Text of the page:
President Park Geun-hye said Tuesday that “new politics” should focus on improving people’s livelihoods, apparently taking a swipe at the planned merger between South Korea’s two most popular opposition groups.
Park made the remark during a Cabinet meeting, expressing disappointment that the National Assembly failed to pass key welfare bills in the last session. What she apparently meant was that the opposition groups should have first taken care of pending bills before talking about the merger.
“New politics, in its genuine sense, must begin with taking care of the people’s livelihoods. But very much regrettably, this is not the case in our politics,” Park said, referring to parliament’s failure to approve key bills, including one on a pension system for senior citizens.
On Sunday, the main opposition Democratic Party and an opposition group led by popular independent lawmaker Ahn Cheol-soo announced that they agreed to merge and form a new party, to be created ahead of nationwide local elections in June. The decision came as a surprise because Ahn had said he would create his own party.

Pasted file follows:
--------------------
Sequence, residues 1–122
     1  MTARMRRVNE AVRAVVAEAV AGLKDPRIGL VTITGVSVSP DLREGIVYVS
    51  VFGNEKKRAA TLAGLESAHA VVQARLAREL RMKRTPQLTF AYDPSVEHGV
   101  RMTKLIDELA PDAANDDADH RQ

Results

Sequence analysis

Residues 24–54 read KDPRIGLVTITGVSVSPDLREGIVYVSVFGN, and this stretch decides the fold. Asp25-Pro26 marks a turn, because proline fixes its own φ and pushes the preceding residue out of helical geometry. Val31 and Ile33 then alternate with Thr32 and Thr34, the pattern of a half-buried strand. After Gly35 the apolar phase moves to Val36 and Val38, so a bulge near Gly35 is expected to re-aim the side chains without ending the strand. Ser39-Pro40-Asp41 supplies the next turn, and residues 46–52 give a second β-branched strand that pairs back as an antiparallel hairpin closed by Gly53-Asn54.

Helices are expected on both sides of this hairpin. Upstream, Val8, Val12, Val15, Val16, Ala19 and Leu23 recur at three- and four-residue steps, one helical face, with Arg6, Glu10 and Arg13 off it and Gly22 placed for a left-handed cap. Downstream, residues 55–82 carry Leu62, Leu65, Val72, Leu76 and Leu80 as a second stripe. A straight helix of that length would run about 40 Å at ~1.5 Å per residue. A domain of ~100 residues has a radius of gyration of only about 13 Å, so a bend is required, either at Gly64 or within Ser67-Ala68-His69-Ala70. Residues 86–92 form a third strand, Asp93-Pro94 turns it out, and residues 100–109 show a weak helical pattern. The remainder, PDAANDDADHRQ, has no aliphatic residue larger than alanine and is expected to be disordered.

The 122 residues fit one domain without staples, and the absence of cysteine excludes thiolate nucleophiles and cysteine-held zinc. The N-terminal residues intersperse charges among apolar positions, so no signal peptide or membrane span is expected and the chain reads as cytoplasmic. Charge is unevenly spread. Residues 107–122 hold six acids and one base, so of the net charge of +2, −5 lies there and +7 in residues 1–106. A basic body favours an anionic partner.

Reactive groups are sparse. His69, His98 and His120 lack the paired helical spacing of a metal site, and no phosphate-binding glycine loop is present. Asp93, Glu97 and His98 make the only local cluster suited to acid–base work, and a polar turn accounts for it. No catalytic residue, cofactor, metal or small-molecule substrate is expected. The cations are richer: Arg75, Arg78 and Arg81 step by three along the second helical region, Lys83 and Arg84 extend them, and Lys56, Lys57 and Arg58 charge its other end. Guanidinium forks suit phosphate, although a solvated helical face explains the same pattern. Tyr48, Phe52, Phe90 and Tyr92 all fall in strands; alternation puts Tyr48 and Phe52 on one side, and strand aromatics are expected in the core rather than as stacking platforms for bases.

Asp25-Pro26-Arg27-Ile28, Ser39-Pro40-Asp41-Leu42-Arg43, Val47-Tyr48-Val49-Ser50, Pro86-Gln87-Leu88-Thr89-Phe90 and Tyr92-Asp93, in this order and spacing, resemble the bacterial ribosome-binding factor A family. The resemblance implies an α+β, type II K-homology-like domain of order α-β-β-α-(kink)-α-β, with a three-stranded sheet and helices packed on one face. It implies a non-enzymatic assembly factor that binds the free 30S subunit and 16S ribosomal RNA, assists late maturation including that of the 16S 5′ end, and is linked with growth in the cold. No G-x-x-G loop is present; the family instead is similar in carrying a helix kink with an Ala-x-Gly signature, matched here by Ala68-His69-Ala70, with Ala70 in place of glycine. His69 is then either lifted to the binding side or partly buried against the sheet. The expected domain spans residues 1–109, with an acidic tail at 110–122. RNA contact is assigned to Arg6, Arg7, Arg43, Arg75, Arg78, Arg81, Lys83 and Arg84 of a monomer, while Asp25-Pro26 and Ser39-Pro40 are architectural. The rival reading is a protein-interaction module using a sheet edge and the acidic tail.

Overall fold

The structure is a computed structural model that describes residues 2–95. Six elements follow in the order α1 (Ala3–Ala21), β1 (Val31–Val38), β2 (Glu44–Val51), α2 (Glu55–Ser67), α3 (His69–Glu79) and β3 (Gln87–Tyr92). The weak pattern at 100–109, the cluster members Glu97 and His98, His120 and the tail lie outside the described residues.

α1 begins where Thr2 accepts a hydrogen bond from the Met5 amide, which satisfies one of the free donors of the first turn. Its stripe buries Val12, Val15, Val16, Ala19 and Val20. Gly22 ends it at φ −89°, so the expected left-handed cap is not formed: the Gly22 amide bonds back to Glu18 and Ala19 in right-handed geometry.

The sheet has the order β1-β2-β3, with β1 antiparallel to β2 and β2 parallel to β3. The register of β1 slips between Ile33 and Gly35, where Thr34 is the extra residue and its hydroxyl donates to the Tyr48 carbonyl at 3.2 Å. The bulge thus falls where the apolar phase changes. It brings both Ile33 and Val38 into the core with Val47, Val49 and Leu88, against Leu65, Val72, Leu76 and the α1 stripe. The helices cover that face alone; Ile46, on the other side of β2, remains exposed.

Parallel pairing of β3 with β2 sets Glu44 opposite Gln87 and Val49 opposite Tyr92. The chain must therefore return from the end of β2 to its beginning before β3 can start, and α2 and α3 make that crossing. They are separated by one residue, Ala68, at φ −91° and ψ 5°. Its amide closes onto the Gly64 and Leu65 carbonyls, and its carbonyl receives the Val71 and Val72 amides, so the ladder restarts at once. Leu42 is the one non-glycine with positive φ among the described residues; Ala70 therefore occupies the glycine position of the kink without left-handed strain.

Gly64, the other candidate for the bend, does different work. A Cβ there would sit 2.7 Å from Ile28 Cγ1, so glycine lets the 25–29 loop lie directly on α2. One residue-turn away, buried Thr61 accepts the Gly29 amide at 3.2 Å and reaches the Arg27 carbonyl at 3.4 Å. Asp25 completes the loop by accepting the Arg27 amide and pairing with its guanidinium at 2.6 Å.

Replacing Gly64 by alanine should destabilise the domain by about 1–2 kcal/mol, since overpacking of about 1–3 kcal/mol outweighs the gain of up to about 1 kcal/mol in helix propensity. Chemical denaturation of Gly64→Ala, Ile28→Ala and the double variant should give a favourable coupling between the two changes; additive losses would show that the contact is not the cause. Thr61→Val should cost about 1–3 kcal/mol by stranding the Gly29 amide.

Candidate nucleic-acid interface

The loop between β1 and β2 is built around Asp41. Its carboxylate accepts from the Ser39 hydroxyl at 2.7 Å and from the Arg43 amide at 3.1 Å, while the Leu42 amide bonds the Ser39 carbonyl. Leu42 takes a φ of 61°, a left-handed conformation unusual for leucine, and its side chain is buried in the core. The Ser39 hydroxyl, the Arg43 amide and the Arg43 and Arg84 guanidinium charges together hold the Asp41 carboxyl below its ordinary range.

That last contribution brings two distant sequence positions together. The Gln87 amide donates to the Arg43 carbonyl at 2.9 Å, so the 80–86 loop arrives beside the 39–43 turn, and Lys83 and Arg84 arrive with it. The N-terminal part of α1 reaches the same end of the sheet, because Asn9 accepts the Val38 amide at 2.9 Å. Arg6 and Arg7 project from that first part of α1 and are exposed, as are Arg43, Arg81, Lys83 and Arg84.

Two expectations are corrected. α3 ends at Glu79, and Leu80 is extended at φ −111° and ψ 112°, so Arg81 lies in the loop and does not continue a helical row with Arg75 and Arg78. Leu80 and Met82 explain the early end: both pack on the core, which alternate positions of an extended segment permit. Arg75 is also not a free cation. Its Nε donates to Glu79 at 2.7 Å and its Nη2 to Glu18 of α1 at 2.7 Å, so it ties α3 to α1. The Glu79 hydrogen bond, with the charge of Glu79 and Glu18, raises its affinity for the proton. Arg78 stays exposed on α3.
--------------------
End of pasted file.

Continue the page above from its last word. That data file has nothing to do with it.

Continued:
Park also urged the parliament to approve those bills.
“The administration and the legislature are the two wheels of a cart that leads the country. Only when the government and the National Assembly move in sync can the nation move in the right direction and the people be happy,” she said.
Park also ordered the government to make greater efforts to ensure that there is no blind spot or hole in the government’s welfare net, referring to the recent collective suicide of a financially distressed family.
A mother and two daughters took their own lives last month, leaving a suicide note saying that they could no longer make a living. It was later found that they were entitled to government subsidies without realizing it.
“It is truly regrettable and heartbreaking,” Park said of the case. “If people cannot even take advantage of existing welfare programs, it effectively means they do not exist. We should first try to help people take good advantage of the existing programs and make them more accessible so as to reduce the blind spot in the welfare system.” (Yonhap)